Climate Change & Human Adaptability
We now have ample tools and strategies to mitigate climate effects by reducing greenhouse gas emissions, yet we still don’t fully understand our potential to adapt to changing climate conditions. This knowledge gap makes it challenging to reliably estimate climate change damages and identify opportunities for humans to remain resilient over time.
Using the most comprehensive dataset ever compiled on 20th century mortality rates and determinants, the Climate Solutions Group at emLab has conducted an empirical analysis to assess the potential for existing technologies and innovations—from electrification, to air conditioning, to better access to healthcare--to help humans successfully adapt to our changing climate. Our results show that there was a remarkable decline in the mortality effect of extreme temperatures after the year 1960, when residential air conditioning was widely adopted across the United States. Since the early 1960’s, there have been roughly 20,000 fewer heat-related fatalities annually.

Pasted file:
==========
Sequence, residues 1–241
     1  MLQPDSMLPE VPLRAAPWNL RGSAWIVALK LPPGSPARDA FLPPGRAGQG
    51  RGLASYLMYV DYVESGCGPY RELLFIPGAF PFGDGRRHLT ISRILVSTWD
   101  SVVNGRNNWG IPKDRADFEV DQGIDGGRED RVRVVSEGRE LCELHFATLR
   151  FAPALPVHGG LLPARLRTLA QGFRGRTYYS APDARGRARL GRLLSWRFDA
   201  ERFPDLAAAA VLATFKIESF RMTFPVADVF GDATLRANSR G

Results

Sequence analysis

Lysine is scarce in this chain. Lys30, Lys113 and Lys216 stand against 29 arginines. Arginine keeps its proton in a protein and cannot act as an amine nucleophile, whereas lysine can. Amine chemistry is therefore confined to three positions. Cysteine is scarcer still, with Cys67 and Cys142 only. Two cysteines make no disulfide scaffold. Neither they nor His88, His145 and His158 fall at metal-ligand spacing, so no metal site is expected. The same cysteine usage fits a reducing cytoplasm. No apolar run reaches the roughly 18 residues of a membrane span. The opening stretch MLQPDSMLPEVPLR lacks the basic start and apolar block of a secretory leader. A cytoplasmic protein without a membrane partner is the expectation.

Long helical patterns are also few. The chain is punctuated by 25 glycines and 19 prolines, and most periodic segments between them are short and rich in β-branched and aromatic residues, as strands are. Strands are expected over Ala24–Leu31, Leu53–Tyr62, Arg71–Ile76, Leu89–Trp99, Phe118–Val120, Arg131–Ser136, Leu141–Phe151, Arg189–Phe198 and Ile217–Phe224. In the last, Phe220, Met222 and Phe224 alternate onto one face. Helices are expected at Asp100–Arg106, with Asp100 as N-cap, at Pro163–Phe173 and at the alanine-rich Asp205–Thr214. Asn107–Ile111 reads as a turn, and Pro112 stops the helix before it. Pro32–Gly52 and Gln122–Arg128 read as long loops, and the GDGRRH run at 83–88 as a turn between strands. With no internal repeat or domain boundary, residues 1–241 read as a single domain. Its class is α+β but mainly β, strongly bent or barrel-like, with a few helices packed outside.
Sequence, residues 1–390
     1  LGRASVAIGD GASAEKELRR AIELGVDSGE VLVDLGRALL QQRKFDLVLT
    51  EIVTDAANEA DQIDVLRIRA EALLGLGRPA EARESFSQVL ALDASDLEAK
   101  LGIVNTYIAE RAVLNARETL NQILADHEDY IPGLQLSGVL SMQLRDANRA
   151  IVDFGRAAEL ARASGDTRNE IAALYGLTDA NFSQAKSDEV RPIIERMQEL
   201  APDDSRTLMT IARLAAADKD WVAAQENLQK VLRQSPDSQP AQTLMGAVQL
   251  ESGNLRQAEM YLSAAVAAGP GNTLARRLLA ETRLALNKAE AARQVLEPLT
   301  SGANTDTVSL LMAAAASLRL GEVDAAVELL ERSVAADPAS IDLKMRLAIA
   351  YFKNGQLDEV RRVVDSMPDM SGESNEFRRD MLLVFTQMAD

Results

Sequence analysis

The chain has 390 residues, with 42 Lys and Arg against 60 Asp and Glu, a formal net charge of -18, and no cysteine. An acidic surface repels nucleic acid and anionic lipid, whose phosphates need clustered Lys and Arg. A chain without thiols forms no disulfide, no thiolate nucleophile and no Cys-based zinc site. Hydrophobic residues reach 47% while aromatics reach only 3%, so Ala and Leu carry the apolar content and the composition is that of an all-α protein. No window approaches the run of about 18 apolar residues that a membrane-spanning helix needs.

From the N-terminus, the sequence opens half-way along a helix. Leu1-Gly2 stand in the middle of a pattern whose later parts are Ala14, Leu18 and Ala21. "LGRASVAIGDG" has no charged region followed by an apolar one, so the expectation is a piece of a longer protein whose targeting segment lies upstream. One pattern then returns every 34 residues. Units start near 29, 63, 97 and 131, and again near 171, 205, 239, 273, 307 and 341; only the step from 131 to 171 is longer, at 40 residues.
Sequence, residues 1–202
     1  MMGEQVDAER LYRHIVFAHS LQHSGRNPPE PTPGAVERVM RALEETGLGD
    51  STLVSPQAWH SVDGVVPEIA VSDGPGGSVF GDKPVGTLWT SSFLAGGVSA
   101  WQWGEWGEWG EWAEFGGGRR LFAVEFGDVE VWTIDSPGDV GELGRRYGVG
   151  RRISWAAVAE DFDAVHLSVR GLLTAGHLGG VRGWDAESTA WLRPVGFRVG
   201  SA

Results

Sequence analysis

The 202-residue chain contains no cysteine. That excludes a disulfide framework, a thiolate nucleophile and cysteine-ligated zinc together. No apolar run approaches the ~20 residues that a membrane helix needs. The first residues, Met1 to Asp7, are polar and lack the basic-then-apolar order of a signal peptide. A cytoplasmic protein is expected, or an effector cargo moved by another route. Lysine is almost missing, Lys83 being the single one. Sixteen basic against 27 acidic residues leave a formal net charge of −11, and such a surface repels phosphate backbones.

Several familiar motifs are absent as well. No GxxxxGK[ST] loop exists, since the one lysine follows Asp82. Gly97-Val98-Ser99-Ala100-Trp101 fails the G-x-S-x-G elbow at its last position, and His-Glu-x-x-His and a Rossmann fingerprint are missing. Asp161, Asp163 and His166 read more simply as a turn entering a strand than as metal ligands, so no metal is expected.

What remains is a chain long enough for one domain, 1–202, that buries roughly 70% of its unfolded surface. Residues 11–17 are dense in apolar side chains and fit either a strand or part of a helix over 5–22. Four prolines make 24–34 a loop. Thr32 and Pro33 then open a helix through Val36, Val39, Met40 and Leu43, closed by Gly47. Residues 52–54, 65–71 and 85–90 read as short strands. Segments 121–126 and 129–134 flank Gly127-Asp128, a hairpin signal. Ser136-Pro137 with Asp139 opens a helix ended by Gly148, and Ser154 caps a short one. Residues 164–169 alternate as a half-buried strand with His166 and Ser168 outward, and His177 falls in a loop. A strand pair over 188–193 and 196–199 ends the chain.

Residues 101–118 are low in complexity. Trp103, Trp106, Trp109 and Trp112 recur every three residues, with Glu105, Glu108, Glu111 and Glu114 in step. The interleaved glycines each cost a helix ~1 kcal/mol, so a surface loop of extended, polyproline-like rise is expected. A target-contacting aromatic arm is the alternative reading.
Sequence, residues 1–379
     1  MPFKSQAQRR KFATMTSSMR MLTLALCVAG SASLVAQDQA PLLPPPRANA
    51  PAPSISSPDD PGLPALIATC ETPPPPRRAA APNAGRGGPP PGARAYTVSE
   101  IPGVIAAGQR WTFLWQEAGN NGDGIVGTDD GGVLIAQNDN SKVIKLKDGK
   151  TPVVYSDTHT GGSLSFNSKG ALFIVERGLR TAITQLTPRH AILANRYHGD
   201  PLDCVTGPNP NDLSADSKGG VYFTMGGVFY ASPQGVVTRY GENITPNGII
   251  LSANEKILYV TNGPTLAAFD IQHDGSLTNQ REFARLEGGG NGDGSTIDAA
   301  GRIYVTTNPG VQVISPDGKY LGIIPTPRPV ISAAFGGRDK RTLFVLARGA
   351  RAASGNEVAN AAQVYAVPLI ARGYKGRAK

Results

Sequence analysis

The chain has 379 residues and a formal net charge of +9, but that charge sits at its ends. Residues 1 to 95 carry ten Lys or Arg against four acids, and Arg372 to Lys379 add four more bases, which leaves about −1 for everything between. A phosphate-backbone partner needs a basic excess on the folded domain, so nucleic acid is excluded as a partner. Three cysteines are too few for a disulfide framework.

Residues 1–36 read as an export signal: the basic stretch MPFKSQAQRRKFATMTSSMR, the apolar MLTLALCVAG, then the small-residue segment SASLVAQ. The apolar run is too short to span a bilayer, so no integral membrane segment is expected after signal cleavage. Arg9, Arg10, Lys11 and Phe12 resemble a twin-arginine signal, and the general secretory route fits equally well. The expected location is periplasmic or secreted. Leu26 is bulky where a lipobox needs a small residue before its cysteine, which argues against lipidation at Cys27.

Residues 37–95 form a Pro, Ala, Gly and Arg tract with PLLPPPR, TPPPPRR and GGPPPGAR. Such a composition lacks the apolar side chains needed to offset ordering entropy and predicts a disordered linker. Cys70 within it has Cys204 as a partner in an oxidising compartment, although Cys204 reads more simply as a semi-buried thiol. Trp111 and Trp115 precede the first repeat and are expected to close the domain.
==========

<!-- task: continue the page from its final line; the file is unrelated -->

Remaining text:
These results highlight the complexity of developing effective and efficient climate change solutions. While air conditioning supports human adaptation to extreme heat more so than any other available technology, global emissions from air conditioning usage add more than 1 million tons of carbon dioxide to the atmosphere every year, meaning this technology perpetuates the very problem whose effects it was designed to mitigate. Moving forward, it is essential that we develop cleaner technologies that can support human adaptation without exacerbating climate change.